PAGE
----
COVID-19 highlights education inequities | News

MONTPELIER — A year ago, 28 Vermont educators began learning to spot inequality in the education system. The problems they’ve come to see have been made even more apparent by the COVID-19 pandemic.

“Initially the focus was working at the district level,” said Jamilah Vogel, a guidance counselor at St. Albans City School. “And then when the pandemic started to really shake things up and schools had to close, it became really evident that with schools closing, it was lifting the veil on the inequities not just within education but the inequities in our community.”

School were helping to alleviate some of these community inequities, but their closing made them far more apparent, she said.

Vogel is part of the Equity Practitioners Network, an initiative of the Vermont Principals’ Association.

Linda Wheatley, equity coordinator with the VPA, said the 28 now involved are the initiative’s first cohort. They are a mix of teachers, administrators, and others involved in education around the state who are learning to identify inequity in the schools and the communities they serve.

“The idea is that over time, if we were beginning a cohort every year, all school districts would be changing their language and approaches,” she said.

The initiative is trying to increase “equity literacy” in the Vermont school system, she said.

“With equity literacy what you’re looking for are deeply rooted historical biases in our curriculum, in our policies, in our culture, and in our thinking,” said Wheatley. “So it’s racism, it’s gender bias. The idea is to notice who is missing out and begin to talk to them about how to change systems.”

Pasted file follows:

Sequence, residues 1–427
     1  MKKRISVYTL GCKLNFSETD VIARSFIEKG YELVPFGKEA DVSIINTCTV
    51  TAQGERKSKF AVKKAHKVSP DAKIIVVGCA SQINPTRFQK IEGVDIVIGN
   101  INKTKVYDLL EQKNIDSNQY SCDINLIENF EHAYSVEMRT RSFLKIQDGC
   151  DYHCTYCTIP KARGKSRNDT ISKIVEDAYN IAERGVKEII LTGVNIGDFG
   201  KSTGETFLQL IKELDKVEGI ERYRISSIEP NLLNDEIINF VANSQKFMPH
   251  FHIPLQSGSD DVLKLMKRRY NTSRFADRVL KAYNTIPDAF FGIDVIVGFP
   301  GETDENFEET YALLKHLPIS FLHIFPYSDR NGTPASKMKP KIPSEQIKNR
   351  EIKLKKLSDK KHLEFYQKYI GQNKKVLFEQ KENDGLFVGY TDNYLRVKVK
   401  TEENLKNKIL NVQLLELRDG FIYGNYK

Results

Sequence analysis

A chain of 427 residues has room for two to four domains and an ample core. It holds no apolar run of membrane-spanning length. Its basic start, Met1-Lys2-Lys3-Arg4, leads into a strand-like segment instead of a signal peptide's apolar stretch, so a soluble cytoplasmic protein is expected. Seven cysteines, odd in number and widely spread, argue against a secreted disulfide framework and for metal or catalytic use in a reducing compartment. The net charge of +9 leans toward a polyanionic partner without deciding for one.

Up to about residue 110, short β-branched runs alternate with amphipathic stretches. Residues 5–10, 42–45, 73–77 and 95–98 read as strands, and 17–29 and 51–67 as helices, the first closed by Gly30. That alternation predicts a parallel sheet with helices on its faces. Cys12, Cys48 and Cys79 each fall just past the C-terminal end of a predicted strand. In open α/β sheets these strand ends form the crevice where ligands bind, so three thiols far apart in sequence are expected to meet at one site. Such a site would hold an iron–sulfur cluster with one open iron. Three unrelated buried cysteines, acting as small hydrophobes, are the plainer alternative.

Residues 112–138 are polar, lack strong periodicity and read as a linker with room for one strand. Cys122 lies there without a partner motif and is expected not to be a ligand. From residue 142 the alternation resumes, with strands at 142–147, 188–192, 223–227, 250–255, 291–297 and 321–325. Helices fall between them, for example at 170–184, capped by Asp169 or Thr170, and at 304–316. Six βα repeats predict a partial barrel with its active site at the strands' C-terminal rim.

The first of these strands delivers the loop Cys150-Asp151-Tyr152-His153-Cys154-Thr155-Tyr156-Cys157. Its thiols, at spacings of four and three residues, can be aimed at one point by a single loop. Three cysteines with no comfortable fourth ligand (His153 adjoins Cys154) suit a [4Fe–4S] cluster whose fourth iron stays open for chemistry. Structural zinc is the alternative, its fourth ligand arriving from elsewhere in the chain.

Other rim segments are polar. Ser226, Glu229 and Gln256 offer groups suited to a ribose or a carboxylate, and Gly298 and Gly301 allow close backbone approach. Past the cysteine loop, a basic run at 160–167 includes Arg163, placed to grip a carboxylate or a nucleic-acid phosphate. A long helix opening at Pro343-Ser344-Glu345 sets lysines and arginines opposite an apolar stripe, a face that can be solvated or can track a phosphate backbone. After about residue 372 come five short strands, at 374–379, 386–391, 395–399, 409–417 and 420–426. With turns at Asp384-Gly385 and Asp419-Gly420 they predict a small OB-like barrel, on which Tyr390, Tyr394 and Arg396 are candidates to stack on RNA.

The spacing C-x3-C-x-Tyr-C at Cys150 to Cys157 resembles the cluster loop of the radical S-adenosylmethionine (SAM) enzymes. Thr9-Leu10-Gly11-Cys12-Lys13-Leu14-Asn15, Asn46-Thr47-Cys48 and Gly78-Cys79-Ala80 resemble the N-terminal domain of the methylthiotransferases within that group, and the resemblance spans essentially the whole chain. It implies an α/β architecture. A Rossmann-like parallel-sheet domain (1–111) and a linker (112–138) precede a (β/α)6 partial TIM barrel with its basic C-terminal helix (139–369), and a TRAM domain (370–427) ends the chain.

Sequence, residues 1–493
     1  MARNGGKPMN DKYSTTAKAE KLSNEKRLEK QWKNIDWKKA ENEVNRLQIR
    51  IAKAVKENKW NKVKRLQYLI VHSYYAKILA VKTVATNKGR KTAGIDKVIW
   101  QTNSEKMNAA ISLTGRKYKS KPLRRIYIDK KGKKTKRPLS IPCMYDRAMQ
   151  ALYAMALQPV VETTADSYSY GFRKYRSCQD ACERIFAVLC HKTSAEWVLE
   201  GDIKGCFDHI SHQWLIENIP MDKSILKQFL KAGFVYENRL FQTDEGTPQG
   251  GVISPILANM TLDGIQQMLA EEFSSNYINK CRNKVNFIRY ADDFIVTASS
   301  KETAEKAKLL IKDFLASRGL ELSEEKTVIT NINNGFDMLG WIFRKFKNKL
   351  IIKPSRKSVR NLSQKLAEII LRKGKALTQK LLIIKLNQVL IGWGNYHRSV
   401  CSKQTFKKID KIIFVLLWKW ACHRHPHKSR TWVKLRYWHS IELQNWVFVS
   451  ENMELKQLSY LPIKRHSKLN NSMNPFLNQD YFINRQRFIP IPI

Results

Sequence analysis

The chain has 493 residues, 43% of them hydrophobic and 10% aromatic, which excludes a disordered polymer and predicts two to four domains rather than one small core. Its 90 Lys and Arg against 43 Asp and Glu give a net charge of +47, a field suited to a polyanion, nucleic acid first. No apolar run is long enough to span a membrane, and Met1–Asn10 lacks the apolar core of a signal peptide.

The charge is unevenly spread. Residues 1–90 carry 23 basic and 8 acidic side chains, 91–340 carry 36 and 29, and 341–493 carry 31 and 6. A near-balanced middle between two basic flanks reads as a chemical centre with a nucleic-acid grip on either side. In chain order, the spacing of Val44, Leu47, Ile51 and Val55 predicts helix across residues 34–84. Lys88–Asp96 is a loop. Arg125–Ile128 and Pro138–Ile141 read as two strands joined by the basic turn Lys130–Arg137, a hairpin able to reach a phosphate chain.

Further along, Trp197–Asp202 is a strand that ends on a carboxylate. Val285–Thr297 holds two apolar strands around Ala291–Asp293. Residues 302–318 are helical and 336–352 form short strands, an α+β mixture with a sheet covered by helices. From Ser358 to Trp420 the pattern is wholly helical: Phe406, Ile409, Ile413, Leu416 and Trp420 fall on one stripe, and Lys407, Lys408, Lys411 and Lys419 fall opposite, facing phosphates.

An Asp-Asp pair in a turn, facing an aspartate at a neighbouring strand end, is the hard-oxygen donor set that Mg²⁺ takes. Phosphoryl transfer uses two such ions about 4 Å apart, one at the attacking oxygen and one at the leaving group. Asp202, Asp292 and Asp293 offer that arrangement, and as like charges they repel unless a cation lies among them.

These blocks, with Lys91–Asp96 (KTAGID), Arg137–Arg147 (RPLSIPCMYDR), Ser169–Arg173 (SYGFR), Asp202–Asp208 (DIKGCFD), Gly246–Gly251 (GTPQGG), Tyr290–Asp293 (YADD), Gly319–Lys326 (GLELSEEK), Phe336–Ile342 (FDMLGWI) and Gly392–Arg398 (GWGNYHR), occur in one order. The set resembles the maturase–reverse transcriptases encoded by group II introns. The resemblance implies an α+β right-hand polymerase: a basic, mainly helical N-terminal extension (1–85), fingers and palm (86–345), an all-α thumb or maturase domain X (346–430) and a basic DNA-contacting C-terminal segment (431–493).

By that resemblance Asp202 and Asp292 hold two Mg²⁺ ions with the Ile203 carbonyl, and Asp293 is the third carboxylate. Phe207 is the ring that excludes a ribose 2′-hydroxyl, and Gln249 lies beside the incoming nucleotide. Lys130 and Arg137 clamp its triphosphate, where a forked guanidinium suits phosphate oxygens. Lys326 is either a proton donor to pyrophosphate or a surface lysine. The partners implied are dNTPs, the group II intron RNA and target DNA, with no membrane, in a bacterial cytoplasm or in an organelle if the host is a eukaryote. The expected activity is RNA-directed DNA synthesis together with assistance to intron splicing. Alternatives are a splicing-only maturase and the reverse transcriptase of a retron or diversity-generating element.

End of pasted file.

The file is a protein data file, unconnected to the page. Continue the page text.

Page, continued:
She said the network has written a letter to decision-makers in the realm of education with recommendations on how to address inequity. The recommendations are, essentially, that student well-being be made the focus of education during this time, that schools be recognized as important support structures, and that online learning, while good, is not a cure-all.

When schools closed because of the pandemic, Wheatley said there was a great deal of effort early on to address food, childcare, and other needs schools normally provided.

“Then, gradually, over the last few weeks as those systems have been set up and gotten a little more consistent and less frantic, the issues we’ve been noticing and that we drew attention to in our recommendation letter are becoming more clear and worth discussing, and some new concerns are coming up,” she said.

Some of the work the network members have been doing involves small-scale efforts to identify and address inequity.

“One of the things that happens is the rose-colored glasses come off and they start to see inequities in the system they work in everywhere, and so once they’ve identified some of those they’re able to pick a small project to take on,” said Mike McRaith, assistant director of the VPA, and formerly principal at Montpelier High School. “That might be adjusting language in a dress code, it might be something with bathrooms, it might be the types of authors that are represented in classroom libraries rather than just the school library.”

He said the work so far has been going well despite the usual challenges that come with new initiatives. The group has been meeting via Zoom, owing to the pandemic. McRaith said everyone has become quite skilled at video conferencing, and perhaps because of this attendance has been better than it otherwise would be.



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